The Contra Costa County Assessment Appeals Board, members listed below,
awarded Chevron a $12.6 million plum, finding that the Richmond Refinery
was overvalued for property tax purpose following a run of all-time
According to the Contra Costa county website, members of the Contra
Costa County Assessment Appeals Board include:
Fisher Joe 09/12/2006 09/03/2009 Vacant
D'Ambrogia Harold 10/09/2007
Wallace Clark 10/07/2008
Giacoma James 07/21/2009
Brooks E.R. 10/03/2006
Chevron wins property tax appeal for Richmond refinery
By Katherine Tam
Contra Costa Times
Posted: 09/03/2009 05:45:33 PM PDT
Updated: 09/03/2009 10:48:45 PM PDT
RICHMOND — Chevron overpaid property taxes by at
least $12.6 million at its Richmond refinery over three years, a finding
that could mean financial losses for Contra Costa County, its cities and
The Contra Costa Assessment Appeals Board ruled Thursday that the
county incorrectly calculated the refinery's property tax from 2004 to
Cities, schools, parks and fire districts countywide that received
property tax revenue could be affected, if they are asked to pay back
money. It was unclear Thursday whether Chevron would seek a refund.
"Any thinking about that is something to have a conversation about
with the county," said Dean O'Hair, refinery spokesman. "We want to make
sure this is implemented in a way that will work for everybody."
Contra Costa Supervisor John Gioia, who represents Richmond and other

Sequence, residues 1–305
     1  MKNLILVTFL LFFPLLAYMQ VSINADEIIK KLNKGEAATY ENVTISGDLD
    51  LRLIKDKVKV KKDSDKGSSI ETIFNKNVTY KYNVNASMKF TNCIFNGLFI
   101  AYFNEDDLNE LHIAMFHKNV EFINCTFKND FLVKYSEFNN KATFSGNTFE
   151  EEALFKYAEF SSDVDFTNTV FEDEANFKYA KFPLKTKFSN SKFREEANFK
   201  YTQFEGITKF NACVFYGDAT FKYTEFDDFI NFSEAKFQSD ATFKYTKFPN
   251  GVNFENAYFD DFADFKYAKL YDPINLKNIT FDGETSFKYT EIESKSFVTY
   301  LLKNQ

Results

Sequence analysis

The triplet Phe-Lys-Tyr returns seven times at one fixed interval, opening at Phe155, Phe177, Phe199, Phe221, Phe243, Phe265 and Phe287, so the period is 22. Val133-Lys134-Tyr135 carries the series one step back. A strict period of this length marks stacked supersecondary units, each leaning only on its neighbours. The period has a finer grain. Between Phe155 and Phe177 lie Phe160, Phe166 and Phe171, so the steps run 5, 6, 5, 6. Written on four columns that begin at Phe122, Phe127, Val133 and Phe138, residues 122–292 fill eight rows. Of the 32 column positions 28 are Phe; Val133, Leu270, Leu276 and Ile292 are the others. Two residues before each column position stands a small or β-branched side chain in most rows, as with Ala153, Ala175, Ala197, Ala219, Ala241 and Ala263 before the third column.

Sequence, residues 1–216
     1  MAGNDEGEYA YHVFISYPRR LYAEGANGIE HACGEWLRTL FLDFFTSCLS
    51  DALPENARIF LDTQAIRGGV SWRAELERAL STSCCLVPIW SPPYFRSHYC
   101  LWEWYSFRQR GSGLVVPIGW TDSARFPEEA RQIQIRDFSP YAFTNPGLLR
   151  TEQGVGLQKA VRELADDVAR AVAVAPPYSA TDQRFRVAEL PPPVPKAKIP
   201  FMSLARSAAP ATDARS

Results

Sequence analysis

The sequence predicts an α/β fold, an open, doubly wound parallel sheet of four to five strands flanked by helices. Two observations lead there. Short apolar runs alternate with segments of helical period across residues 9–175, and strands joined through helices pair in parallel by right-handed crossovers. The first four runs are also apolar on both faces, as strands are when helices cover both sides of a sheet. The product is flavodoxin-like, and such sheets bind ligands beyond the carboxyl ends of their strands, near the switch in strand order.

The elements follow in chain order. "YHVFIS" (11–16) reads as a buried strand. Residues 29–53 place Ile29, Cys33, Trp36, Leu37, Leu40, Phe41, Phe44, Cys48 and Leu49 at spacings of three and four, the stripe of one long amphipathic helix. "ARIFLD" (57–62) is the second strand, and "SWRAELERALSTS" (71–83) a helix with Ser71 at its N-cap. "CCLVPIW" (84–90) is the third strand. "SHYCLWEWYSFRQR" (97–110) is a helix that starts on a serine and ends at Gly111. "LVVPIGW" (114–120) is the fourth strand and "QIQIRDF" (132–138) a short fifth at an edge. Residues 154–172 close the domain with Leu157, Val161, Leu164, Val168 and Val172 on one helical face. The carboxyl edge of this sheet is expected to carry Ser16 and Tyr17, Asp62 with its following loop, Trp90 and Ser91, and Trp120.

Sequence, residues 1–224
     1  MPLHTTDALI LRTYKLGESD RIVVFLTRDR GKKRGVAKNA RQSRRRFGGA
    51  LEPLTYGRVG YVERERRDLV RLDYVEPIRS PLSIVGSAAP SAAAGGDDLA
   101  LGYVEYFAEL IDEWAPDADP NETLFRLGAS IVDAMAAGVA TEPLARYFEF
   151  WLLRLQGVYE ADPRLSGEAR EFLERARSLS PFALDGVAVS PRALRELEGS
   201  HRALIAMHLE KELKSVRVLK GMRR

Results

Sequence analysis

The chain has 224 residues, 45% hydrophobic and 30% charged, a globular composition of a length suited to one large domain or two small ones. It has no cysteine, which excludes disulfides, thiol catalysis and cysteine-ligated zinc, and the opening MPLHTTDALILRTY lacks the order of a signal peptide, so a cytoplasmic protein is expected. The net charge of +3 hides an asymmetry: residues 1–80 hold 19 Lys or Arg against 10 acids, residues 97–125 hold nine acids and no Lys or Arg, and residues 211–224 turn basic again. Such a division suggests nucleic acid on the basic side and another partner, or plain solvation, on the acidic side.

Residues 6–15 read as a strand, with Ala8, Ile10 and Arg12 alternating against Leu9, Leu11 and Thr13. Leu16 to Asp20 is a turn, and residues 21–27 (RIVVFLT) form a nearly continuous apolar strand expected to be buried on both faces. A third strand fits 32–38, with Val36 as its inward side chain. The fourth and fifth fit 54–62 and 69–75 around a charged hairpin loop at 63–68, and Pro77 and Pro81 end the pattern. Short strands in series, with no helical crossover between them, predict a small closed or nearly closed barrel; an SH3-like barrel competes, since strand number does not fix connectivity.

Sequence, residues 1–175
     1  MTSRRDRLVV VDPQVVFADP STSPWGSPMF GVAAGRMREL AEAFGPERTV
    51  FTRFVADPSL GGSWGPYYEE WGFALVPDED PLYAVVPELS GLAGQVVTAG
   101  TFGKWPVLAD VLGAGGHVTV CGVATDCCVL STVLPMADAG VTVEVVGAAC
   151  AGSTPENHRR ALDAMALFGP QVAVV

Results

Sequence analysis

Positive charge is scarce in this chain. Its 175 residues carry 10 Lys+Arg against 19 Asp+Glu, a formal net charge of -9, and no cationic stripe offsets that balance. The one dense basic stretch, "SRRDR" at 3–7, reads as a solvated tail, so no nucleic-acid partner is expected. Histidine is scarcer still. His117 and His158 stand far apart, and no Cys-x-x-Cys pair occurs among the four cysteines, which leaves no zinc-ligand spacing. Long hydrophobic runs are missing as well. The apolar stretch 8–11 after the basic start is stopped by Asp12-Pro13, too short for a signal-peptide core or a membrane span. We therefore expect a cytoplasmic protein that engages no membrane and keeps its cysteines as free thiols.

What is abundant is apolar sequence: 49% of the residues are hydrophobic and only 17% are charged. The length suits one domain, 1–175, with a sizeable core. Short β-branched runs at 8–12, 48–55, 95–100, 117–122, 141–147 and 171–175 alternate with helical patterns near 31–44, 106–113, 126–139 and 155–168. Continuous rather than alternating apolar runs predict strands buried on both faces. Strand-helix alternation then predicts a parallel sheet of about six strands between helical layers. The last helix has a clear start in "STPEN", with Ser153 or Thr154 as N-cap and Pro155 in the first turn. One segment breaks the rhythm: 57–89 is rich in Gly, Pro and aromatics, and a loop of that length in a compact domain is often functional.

cities in West County, feared a refund request could devastate
"All agencies are cutting services, and this would be more piling
on," Gioia said. "It comes at the worst possible time. I would call upon
Chevron not to ask public agencies to refund the $12.6 million."
If a refund is sought, those hardest hit would be the county at $1.7
million, followed by Contra Costa County Fire Protection District at
$853,000 and San Ramon Valley Fire District at $406,000, according to
the preliminary county figures. Richmond would be among the cities most
heavily impacted at $311,797.
Chevron's appeal had to do with how to accurately assess the
refinery's property value. In 2004, the county assessed the land at $2.5
billion, but Chevron says its assessment should have been $600 million.
For 2005, the county's assessment was $2.6 billion, compared with
Chevron's estimated $940 million. In 2006, the county's figure was $2.7
billion; Chevron's estimate was $1.14 billion.
The Assessment Appeals Board ruled the assessments were off by a
combined $1.2 billion for the three years.
O'Hair said an accurate assessment allows the refinery to stay
competitive, and continue to operate and employ people. County Assessor
Gus Kramer, who was "shocked" at the ruling, said his office worked hard
to defend assessments they believe accurately reflect the land value.
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